Things we read today:
• Landmark History of the American People. I love this book. The chapters on the rise of the American political parties, which we read a couple of weeks ago—fascinating, engaging, even funny in parts, and of course highly relevant to current events, ahem. We’ve read big chunks of Landmark in years past, but never the whole book in one go; it’s a lot to take in. Finished up the Civil War section last week and are just about ready to head into the Antebellum era. Going to hold off a bit, though, until we catch up to 1865 in our American lit readings. Which brings us to…
• The Mark of Athena by Rick Riordan. Just came out. We procured a copy yesterday and it was immediately devoured by the first two sisters in line. Today was Beanie’s turn. All other events come to an immediate halt when a new Heroes of Olympus book crosses the threshold.
• Also I’m seeing
The Extraordinary Education of Nicholas Benedict (Mysterious Benedict Society prequel) The Mysterious Benedict Society and the Prisoner’s Dilemma [edited because I should learn to read book titles] in a different set of hands every time I turn around. Scott picked up a copy after my booksigning on Saturday. (This is the peril of bookstore appearances. Any royalty income you might eventually see from the books sold at the event is spent before you leave the shop. Basically, I write books to feed my bookbuying habit.)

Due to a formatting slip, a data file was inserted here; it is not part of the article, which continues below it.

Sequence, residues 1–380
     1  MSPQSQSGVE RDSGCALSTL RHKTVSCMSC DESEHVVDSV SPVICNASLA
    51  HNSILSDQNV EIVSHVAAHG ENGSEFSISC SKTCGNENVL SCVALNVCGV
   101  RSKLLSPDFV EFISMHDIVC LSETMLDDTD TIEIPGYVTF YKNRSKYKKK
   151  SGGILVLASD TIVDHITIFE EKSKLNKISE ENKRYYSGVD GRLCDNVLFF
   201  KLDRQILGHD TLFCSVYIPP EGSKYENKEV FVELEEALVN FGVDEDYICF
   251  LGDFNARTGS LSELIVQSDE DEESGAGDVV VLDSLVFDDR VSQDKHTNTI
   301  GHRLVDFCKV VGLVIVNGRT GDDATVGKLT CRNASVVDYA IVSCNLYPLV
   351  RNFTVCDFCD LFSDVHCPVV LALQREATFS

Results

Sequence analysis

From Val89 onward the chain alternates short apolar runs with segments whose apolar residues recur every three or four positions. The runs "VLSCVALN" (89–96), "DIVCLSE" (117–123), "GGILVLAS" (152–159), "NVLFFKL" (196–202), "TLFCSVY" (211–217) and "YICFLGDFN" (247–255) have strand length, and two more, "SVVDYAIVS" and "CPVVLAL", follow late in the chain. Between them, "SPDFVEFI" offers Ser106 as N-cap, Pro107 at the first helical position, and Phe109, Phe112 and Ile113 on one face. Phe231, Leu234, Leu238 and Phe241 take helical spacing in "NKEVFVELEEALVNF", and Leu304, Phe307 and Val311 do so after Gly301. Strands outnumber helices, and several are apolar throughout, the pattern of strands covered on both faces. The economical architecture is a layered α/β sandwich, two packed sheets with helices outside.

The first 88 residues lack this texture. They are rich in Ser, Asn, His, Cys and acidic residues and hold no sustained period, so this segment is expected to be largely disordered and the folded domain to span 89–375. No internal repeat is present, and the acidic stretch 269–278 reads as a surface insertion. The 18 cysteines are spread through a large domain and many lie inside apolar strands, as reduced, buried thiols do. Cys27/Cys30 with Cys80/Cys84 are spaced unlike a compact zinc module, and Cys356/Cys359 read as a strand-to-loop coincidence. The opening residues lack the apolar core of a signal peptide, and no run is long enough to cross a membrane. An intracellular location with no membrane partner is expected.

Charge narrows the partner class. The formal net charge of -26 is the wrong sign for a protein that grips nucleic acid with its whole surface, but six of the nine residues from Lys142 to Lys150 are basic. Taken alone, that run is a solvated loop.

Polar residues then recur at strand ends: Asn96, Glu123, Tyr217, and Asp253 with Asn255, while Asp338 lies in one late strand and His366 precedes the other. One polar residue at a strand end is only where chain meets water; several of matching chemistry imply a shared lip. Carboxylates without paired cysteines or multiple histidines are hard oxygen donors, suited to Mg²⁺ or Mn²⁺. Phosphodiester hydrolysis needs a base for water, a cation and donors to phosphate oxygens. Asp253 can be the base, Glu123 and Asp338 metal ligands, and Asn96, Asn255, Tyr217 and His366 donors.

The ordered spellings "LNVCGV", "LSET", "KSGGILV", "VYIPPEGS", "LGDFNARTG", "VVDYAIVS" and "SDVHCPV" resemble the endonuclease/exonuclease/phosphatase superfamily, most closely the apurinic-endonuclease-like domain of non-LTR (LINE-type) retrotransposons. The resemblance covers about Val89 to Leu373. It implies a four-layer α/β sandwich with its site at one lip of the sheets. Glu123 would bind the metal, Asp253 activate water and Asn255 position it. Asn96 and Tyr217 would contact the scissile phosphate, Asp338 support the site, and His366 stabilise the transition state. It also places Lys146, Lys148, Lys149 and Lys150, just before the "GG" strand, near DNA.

• Wonderboy is hooked on Calvin & Hobbes. His favorite bedtime reading. He falls asleep under a collection every night.
Other today things:
• This morning was finally cool enough (which is not to say cool, just not broiling) for me to plant the treasures we picked up at last week’s City Farmers outing. I even did a little weeding. In a San Diego October (our crispy season), that feels like a Herculean feat. (Speaking of the Heroes of Olympus.)
• Thursday means Thicklebit!
• In the made-my-day category, there’s this lovely review of The Prairie Thief by Amy at Hope is the Word:
Thankfully, I was alone when I read the denouement of this lovely little middle grade tale; anyone who watched while I was reading would surely have wondered how I could derive so much enjoyment (as evidenced by the broad grin on my face) out of what is obviously a children’s story. This one is pure enjoyment.
Yay! So happy.
Pass the Echinacea
Two of Our Family Favorites
Our Week in Books, October 10 Edition
Why we read